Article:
These are the best of times for Spurs otherwise. Press conferences are full of levity and banter. White Hart Lane, once again, is a happy place to be. In August they lost 5-1 to City but, since then, it does not need a forensic examination of their recovery to understand why Redknapp is so prominently in the Football Association's thoughts when it comes to replacing Fabio Capello after this summer's European Championship.

"I didn't go home that night despondent," Redknapp recalls. "I was disappointed to get beaten like that but it wasn't as though I thought: 'This is my team for the season, we are in trouble here.' I knew we had reinforcements coming in that would make the difference."

Scott Parker arrived from West Ham and slipped seamlessly alongside Aaron Lennon, Rafael van der Vaart, Gareth Bale and Luka Modric into a midfield revered as the best in the country. Emmanuel Adebayor, ostracised under Mancini, has been reinvigorated since joining on loan from City. Maybe above all else, the transfer window clanked shut without Modric leaving for Chelsea. Spurs had been regarded as a selling club for longer than their supporters would care to remember but here was the evidence that they were no longer willing to undermine their own ambitions.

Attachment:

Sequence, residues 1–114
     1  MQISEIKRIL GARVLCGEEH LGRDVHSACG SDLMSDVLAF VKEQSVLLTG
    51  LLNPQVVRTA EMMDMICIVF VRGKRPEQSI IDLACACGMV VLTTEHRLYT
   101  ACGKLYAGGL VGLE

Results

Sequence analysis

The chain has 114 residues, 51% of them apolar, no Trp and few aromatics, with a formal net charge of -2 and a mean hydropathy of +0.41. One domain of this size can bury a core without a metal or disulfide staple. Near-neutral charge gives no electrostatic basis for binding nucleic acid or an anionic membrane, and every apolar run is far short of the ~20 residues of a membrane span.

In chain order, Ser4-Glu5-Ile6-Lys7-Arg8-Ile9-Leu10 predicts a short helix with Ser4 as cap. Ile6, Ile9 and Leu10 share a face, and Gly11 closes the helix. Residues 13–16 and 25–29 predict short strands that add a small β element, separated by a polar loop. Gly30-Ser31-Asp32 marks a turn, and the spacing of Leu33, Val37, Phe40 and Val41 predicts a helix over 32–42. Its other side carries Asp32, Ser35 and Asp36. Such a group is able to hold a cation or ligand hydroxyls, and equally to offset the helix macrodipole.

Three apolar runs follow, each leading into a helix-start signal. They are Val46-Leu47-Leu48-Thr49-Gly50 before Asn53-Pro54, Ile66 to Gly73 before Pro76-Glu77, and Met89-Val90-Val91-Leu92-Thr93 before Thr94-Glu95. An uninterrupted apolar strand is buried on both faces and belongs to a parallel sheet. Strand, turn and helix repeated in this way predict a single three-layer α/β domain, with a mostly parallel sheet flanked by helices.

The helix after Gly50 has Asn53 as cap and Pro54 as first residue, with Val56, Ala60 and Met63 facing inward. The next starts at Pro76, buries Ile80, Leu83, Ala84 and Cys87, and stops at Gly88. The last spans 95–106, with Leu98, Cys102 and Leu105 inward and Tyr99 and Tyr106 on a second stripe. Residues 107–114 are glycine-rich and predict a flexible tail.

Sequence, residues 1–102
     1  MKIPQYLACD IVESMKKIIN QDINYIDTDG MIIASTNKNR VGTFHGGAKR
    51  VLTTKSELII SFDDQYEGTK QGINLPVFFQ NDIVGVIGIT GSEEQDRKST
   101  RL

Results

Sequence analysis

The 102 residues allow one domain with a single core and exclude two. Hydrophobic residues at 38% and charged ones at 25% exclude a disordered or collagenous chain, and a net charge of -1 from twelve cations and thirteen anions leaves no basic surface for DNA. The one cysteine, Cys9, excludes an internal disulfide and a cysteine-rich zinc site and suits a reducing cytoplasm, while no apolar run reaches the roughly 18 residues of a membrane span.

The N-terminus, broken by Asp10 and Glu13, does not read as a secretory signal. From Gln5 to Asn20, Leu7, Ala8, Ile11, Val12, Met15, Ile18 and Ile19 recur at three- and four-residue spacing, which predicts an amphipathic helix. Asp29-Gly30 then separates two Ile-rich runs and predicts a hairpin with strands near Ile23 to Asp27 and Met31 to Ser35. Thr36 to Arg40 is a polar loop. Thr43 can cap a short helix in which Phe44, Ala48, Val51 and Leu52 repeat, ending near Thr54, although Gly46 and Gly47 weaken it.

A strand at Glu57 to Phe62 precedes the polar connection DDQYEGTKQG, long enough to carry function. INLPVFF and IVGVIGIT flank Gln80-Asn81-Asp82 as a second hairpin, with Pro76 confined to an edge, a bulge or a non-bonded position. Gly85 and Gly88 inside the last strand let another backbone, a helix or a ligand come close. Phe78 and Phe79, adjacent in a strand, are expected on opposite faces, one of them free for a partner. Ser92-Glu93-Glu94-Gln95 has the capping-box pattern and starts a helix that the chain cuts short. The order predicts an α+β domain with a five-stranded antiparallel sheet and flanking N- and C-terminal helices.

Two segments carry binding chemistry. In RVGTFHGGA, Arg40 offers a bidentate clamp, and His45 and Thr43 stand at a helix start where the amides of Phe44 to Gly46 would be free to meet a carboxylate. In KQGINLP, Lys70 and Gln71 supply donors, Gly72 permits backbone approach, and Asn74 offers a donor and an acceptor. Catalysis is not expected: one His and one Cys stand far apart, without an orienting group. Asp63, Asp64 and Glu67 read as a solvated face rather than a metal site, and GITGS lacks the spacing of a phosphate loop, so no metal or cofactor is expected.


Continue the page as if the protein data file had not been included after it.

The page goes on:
If there is a weakness, it may be that they are a team who need a little bit more knowhow. Spurs have only one player, William Gallas, with a Premier League winner's medal, from his time at Chelsea. City have four, although two of them are Carlos Tevez and Wayne Bridge. United, in contrast, have 21 players with a collective 71 league medals, including 10 who have won it four times or more.

Yet Redknapp has assembled a squad with few flaws. "It's not rocket science. Good players give you a chance and we have good players – Modric, Parker, Van der Vaart, Lennon, Bale; good attacking players. [Kyle] Walker has emerged as a fantastic prospect. The left-back [Benoît Assou-Ekotto] is a good player. [Younès] Kaboul is now the player I thought that he could have been when I took him to Portsmouth. And I might be knocking my own job here – but if I haven't got Bale, I am not half as clever, am I?"